Are the rules for holiday calculations changing again?

James Potts - Legal Services Director

February 02 2023

Last year, the rules around calculating holiday leave and pay for part-year staff changed.

The Supreme Court ruled that employers had to stop pro-rating holiday entitlement for these workers.

However, as explained below, this could now be set to change again…

A quick reminder on last year’s ruling…

In July 2022, the UK Supreme Court heard the case of Harpur Trust vs Brazel (more on that here).

This case changed the way employers calculated leave for part-year workers.

As the name suggests, a part-year worker is someone on a permanent contract who doesn’t work every week of the year. This includes:

  • Term time workers
  • Agency workers
  • Casual workers
  • Zero hour workers
  • Irregular hour workers

The Supreme Court decided that employers should no longer pro-rate holiday entitlement for these workers.

This means that all permanent part-year staff have to receive at least 5.6 weeks’ paid annual leave in each holiday year.

How did this change holiday calculations?

The ruling meant that, if you hired part-year staff, you needed to ditch the “12.07% method” to calculate their holiday leave and pay – or risk facing tribunal claims.

Instead, you should calculate holiday pay using your worker’s average weekly wage from the previous 52 weeks. You have to ignore any weeks where they didn’t work.

As it stands, these are still the rules you need to follow for holiday pay.

And, as outlined above, you have to provide 5.6 weeks’ annual leave to all permanent part-year workers. You can’t reduce this on a pro-rata basis.

Could this rule change again?

This ruling has created major disparities between workers.

Under this ruling, a worker on a permanent contract who worked two weeks each year – like an exam invigilator – would still receive 5.6 weeks’ paid holiday.

That’s more weeks of leave than time spent actually working.

It also means that part-year workers could receive more holiday than part-time staff who have worked the same (or more) hours over that year. So, it’s easy to see why many workers and employers are claiming this new method is unfair.

As a result, the government is proposing to change the way employers calculate holiday entitlement for part-year workers. To do this, the government has launched a consultation to gather feedback on its recommendations. The consultation will be open from 12th January to 9th March 2023.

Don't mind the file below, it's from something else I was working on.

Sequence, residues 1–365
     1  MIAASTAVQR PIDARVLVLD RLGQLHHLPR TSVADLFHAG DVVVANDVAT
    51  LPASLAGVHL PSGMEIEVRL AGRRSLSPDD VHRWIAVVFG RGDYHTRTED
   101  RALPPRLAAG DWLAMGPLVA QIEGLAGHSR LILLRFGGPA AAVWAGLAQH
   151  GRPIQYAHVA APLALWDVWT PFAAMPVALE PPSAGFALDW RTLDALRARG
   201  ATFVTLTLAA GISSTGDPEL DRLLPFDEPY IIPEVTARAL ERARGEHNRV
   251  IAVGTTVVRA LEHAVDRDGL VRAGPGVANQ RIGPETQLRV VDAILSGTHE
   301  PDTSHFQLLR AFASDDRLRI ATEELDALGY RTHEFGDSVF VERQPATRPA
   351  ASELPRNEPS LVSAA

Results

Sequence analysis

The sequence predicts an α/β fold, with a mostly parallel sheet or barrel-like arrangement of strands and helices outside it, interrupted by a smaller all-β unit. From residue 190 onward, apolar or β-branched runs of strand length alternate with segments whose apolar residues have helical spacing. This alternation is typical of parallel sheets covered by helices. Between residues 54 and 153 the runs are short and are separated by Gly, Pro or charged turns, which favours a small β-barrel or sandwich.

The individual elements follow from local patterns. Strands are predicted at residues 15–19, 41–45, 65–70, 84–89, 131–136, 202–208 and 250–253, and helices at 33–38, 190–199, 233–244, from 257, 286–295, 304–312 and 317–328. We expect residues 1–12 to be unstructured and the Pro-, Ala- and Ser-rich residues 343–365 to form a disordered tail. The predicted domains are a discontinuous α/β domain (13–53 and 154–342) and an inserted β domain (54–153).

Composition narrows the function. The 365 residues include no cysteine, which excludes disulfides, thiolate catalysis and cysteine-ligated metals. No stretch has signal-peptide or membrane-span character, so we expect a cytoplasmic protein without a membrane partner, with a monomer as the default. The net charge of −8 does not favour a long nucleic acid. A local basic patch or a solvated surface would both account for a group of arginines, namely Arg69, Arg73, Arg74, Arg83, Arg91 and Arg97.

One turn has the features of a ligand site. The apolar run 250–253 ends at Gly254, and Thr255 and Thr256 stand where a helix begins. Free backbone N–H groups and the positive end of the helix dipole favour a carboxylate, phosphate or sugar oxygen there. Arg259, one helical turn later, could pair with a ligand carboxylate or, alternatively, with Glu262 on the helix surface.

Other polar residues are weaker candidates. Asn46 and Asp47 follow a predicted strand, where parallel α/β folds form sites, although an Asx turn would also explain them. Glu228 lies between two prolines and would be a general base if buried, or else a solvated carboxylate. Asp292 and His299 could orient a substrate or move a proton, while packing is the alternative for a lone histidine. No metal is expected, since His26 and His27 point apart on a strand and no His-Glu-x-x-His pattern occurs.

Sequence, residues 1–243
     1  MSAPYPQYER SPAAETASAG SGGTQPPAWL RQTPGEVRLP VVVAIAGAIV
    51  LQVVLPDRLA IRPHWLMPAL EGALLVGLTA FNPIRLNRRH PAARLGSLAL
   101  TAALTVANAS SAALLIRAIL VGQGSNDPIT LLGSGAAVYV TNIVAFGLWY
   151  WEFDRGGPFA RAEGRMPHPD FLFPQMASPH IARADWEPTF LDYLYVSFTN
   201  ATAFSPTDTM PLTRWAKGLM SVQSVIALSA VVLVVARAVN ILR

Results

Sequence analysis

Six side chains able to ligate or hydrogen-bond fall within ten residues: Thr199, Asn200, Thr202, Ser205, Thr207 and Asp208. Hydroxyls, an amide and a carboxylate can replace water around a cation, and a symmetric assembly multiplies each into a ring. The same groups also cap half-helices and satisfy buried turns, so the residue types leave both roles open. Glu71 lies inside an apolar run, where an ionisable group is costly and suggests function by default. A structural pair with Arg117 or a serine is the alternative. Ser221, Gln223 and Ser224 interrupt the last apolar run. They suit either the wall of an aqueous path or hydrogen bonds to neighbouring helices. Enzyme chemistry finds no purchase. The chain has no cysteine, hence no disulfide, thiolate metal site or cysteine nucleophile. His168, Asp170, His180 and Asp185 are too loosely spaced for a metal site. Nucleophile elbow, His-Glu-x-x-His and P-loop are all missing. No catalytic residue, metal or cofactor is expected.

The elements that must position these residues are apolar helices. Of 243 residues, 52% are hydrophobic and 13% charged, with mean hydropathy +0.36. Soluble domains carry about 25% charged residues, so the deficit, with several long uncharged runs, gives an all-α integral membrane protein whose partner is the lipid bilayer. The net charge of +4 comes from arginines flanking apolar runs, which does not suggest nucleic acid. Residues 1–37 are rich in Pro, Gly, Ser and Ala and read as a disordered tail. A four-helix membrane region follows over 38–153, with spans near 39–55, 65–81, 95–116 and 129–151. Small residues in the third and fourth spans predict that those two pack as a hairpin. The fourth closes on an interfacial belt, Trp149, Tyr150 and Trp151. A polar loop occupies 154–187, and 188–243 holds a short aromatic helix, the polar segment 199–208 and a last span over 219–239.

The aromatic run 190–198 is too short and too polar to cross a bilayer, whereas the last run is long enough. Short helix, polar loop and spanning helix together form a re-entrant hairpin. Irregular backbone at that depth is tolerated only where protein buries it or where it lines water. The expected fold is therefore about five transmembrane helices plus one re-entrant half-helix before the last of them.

In other words, the government is rethinking the current approach. And depending on the response it receives, the way you calculate holiday entitlement could soon change again…

What’s the government proposing to change?

The government is suggesting that employers should be able to pro-rata holiday entitlement for part-year staff. This is to make sure their leave is proportionate to the hours they work.

To do this, the government plan to legalise the 12.07% method to calculate holiday entitlement.

By law, everyone is entitled to a minimum of 5.6 weeks of holiday a year.

The idea behind the 12.07% method is that the standard working year is 46.4 weeks. 5.6 weeks is 12.07% of 46.4 weeks. So, employers can multiply 12.07% by the hours someone worked to get their annual holiday entitlement in hours.

What are the next steps?

The government won’t seek to roll out any changes until the consultation ends. And even then, it could take a while for any new proposals to come into force.

So for now, it’s important to keep following the Supreme Court’s rules to stay safe from legal risk. You should continue to find an average of your worker’s earnings from their previous 52 weeks of work.

If the law does change, this means new calculations and new contracts. Which is a lot for you to manage.

But as a Peninsula client, your HR experts are there to support you. Whether it’s support with legal updates, documentation, or advice, you have peace of mind all year round.

But in the meantime, to keep on top of other important updates, give us a call. And if you’re not yet a client, call 0800 028 2420 to get free advice from an expert.

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